Today, Finns use the sauna weekly to relax and connect with family and friends. Maybe that’s the secret to being the happiest people in the world!
Before entering a sauna in Finland, it’s important to know a bit about Finnish sauna rules. After all, the sauna is sacrosanct in Finland, and if you misbehave the sauna elf, or saunatonttu, will burn it down. The general rule is to conduct oneself as one would in a church; that is, be on your best behaviour. Don’t be loud, discuss controversial topics, or bring anything inside to eat or drink.
And while in traditional sauna culture it’s important to respect that people come to saunas to relax, private saunas can be a popular spot for drinking and chatting with friends, especially on a Friday night. In the sauna, people begin to relax and share what’s on their minds.
Don’t know the etiquette of a new sauna? Just go in and observe how others are behaving. If no one talks, then it probably isn’t a very chatty sauna space and it’s best to respect that.
Here are six more tips on what to do, and not do, in a Finnish sauna:
Always take a warm shower before; it helps to keep the space (and yourself) squeaky clean. Plus, a soapy pre-wash removes dirt and oil from your skin making it easier to sweat. You’ll also want to take a cold shower after, to help “close” the pores and increase blood flow. Don’t skip it. This is what gives you that rejuvenated post-sauna glow that the Finns find irresistible.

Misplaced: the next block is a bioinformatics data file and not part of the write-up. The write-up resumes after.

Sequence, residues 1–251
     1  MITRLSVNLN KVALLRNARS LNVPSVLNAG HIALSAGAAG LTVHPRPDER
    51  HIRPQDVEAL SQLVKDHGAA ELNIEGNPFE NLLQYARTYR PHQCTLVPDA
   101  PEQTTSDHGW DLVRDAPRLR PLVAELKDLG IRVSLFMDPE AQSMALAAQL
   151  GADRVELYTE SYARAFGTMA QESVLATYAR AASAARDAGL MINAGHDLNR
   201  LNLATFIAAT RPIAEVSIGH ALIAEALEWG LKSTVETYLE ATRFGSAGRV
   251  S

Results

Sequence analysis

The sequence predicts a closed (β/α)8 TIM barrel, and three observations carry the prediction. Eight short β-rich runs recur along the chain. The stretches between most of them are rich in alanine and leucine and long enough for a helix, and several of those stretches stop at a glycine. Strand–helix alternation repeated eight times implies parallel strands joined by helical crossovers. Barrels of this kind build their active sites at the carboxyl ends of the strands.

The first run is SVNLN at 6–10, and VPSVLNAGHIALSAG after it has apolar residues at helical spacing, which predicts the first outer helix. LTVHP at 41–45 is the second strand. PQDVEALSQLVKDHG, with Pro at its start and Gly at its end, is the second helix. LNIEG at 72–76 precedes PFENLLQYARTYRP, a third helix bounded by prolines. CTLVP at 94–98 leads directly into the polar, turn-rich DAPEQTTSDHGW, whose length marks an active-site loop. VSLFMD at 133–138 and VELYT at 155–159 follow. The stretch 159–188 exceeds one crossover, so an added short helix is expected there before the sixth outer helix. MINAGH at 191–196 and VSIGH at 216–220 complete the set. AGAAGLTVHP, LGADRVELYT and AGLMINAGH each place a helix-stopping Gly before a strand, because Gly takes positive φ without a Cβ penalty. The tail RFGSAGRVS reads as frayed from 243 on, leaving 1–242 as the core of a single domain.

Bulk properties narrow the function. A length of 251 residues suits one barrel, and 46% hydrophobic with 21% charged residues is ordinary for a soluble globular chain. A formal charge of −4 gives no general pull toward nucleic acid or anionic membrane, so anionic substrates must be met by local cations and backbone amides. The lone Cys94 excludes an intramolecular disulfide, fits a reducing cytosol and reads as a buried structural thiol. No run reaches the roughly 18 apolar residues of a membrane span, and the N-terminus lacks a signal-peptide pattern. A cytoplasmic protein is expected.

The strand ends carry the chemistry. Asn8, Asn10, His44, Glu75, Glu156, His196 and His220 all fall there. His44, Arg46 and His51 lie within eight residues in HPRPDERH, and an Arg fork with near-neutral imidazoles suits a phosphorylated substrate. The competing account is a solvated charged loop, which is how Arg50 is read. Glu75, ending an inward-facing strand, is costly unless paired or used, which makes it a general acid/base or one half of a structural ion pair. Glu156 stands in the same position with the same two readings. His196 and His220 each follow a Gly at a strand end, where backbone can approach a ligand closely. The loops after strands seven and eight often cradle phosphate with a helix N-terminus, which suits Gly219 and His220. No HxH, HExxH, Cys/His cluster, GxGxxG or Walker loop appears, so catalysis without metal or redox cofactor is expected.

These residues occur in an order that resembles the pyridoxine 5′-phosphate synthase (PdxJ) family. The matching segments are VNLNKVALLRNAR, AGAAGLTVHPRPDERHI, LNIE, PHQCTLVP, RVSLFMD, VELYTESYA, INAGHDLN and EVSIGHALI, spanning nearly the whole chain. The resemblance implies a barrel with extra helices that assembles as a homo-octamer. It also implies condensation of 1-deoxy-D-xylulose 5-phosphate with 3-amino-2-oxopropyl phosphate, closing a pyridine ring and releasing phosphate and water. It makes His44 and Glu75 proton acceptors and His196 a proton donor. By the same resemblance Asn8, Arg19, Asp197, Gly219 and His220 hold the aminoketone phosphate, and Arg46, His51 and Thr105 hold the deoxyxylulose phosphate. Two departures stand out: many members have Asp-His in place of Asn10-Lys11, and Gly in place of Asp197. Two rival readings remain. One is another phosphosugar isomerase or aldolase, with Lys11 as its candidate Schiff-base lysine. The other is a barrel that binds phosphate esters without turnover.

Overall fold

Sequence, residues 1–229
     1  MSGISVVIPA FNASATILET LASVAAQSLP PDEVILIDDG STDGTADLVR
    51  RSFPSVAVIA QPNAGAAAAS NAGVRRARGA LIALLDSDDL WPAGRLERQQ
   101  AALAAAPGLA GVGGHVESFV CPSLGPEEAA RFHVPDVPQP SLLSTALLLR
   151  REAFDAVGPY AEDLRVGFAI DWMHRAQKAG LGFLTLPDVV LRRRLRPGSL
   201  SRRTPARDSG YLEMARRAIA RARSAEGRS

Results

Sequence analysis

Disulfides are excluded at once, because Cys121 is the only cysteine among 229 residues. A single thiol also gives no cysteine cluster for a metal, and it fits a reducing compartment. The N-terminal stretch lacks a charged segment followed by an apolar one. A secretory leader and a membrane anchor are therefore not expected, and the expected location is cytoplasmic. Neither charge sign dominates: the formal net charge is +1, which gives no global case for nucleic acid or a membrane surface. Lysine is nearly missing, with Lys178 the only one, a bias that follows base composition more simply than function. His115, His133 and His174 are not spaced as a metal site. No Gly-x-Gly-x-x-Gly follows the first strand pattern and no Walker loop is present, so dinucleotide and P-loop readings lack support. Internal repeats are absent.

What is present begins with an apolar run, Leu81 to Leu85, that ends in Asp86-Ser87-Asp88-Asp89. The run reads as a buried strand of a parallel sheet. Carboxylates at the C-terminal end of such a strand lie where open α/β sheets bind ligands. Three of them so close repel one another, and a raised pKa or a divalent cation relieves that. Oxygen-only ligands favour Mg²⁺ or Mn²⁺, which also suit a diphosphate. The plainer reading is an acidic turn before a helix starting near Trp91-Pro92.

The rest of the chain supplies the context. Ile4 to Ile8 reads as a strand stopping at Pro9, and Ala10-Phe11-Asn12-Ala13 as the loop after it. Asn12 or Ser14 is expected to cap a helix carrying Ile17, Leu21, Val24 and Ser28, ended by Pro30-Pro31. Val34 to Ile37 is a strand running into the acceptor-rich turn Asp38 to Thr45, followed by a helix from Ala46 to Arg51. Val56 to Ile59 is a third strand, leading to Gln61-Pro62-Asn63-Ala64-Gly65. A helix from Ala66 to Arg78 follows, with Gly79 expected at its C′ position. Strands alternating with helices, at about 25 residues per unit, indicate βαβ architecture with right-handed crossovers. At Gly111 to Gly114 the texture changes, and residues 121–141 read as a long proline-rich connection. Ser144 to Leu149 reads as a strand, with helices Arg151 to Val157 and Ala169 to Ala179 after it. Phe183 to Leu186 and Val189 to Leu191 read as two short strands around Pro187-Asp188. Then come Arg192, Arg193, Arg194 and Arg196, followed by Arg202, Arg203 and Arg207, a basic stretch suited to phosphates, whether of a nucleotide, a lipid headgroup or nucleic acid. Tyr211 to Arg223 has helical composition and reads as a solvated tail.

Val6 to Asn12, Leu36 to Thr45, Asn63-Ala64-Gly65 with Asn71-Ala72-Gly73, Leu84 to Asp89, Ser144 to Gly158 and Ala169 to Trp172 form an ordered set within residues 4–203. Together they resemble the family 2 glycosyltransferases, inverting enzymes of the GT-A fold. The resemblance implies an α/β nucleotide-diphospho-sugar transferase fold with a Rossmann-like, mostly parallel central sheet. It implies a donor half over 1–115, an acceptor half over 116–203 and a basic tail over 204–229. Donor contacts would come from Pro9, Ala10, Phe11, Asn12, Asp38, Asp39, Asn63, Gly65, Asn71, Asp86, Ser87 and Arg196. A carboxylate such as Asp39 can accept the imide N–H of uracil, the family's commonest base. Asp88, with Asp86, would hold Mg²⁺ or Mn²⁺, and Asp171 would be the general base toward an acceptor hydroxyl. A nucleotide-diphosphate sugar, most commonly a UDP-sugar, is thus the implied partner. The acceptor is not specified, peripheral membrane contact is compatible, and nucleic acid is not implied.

It’s customary to wear a bathing suit in mixed-sex saunas, however, in same-sex saunas it is not. Context is everything. Generally, nudity is less of an issue for Scandinavians. Be prepared to get naked, but you can use a towel if you’re feeling a little shy.
Since heat rises, lying on the upper benches will give a hotter experience, as will keeping to the corners. If 80°C (175°F) is a bit too much, choose a seat on a lower bench. It’s Finnish custom that whoever sits near the water bucket, or kiulu, is in charge of throwing water on the hot rocks. So, if you’re worried about your löyly skills, sit farther away (or by the door for a quick escape).